Whiskey of the Week is a new review series on SPY. Each week, we’ll review a different bottle, from newly released small-batch bourbons to our favorite cheap well whiskies.
The Spirit: Black Button Four Grain Bourbon
The Distillery: Black Button Distilling
Birthplace: New York
Proof: 84 proof / 42% ABV
Black Button has been making whiskey for nearly a decade now, but this might be a bottle that is new to you — it certainly was to me when I got to try it recently. This upstate New York distillery is a grain-to-glass operation, with the grains sourced from local farms with which it has longstanding relationships. It is still very much a craft operation, although Constellation Brands (Casa Noble, High West, Corona) does have a minority stake in the company. A few different types of whiskey are produced at the distillery, including an excellent Empire Rye made with a 94% rye / 6% malted barley mash bill (all grains grown in New York State). But we are going to focus on the Four Grain Bourbon here, a really nice example of a well-made and surprisingly complex young craft whiskey.
The mash bill for this bourbon is 60% corn, 20% wheat, 9% rye, and 11% malted barley. This brings a bit of sweetness and a hint of spice to the palate, which is full of stone fruit, vanilla, and caramel flavors. The nose opens up with a bit of young wood, which is often an indicator of a young whiskey aged in smaller barrels. That is indeed the case here, as the bourbon is just shy of four years old at this point and aged in 30-gallon barrels. The distillery does have a decent amount of 53-gallons aging in the warehouses which should be ready in the not too distant future, likely for a bottled-in-bond release.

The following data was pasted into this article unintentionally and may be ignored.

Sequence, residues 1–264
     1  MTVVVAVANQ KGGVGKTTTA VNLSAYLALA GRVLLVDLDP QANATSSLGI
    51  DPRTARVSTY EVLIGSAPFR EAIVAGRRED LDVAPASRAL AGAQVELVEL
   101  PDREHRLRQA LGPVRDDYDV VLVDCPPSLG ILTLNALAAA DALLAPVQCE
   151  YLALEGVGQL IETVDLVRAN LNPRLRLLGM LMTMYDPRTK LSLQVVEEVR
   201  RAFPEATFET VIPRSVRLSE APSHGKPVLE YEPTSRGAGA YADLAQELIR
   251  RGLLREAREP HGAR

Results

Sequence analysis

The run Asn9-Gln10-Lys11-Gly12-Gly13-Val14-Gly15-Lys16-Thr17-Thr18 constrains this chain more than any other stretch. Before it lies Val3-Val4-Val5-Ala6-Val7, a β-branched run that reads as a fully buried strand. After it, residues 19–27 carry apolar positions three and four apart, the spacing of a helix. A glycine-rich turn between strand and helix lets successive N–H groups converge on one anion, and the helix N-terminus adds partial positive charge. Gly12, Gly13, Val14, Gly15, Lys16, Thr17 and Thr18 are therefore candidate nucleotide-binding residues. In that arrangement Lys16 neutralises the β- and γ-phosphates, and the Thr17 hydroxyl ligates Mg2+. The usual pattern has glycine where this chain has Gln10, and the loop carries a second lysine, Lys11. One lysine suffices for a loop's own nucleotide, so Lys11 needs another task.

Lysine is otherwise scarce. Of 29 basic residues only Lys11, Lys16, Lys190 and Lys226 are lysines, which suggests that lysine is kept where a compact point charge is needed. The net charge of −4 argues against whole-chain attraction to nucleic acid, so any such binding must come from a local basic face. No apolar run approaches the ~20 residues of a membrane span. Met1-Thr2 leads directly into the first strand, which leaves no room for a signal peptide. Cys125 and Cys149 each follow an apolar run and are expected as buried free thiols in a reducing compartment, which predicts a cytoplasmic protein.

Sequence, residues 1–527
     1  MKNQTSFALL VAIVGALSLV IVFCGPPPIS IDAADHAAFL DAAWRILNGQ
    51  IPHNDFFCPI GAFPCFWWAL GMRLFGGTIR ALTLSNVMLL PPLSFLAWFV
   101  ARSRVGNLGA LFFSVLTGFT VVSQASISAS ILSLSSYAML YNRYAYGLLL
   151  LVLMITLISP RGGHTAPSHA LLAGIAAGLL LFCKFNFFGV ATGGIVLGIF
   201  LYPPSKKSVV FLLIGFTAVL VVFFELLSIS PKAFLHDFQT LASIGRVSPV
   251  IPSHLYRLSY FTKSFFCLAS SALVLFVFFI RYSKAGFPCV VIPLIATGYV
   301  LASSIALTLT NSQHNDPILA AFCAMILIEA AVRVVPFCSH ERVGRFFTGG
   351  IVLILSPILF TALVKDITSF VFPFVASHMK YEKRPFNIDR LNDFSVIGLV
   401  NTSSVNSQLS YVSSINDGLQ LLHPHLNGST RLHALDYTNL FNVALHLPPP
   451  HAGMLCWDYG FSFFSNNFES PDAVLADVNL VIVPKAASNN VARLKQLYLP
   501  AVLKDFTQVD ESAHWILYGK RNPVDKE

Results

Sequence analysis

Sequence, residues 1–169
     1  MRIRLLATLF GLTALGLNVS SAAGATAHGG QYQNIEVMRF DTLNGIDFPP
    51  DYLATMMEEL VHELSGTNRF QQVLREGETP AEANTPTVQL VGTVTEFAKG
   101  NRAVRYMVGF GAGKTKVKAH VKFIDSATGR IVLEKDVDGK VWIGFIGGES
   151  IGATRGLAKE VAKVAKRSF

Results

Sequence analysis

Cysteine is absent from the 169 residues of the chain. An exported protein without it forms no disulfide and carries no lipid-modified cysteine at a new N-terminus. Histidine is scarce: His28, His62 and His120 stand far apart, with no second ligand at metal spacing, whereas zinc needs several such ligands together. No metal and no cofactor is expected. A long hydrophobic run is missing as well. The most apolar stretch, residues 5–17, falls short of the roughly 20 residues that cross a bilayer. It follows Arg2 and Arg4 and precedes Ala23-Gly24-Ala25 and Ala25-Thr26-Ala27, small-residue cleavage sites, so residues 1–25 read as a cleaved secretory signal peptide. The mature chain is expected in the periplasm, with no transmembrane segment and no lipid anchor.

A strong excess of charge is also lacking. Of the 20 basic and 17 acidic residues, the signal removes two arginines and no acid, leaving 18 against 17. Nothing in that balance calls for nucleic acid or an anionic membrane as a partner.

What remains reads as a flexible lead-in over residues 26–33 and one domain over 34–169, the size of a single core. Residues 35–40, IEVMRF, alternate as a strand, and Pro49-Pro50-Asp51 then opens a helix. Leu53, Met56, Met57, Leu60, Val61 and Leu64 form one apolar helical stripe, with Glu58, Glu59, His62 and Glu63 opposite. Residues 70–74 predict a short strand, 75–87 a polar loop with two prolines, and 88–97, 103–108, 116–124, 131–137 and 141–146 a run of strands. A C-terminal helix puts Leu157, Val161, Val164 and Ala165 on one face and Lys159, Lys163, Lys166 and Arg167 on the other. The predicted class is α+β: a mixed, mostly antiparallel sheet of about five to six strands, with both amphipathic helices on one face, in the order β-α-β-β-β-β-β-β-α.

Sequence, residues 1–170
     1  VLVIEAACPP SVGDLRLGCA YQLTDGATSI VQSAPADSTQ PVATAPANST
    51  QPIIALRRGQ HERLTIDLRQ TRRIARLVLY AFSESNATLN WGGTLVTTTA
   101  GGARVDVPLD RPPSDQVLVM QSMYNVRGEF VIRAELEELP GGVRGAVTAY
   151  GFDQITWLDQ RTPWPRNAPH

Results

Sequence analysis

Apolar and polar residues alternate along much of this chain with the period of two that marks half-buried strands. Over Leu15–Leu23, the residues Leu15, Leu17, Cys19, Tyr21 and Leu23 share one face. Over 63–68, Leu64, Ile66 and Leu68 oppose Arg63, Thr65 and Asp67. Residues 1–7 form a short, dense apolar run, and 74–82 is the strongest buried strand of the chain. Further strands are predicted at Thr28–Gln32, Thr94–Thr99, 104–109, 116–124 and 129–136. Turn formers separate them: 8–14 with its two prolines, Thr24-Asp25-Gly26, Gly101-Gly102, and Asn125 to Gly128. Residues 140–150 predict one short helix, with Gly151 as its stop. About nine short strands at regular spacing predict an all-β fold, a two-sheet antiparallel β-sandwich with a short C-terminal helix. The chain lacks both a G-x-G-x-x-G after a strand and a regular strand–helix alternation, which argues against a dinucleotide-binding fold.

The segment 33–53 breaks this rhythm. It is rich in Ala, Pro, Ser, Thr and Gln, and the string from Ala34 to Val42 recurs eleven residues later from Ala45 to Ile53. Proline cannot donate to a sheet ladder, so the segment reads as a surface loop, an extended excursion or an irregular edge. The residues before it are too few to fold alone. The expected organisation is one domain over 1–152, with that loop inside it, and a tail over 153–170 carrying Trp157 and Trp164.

A sip of the bourbon reveals something that really surpasses expectations, and is proof of the careful distillation and maturation methods that founder and master distiller Jason Barrett practices. The whiskey is not chill filtered, so you will see some sediment in the bottle. But that’s just extra flavor, because the chill filtration process might make the whiskey clearer but arguably removes some of its intrinsic character. Barrett says that the warehouses the barrels are aged in have some pretty extreme temperature swings, about 10 degrees per day and 40 degrees per year. So the interaction between wood and whiskey is pretty profound over a shorter period of time than in Kentucky or Scotland.
Try Black Button Four Grain Bourbon in a cocktail like a Boulevardier or a Manhattan, and you’ll be pleased as the flavors can stand up to mixing with different components. But first spend some time sipping and getting to know this tasty New York bourbon on its own.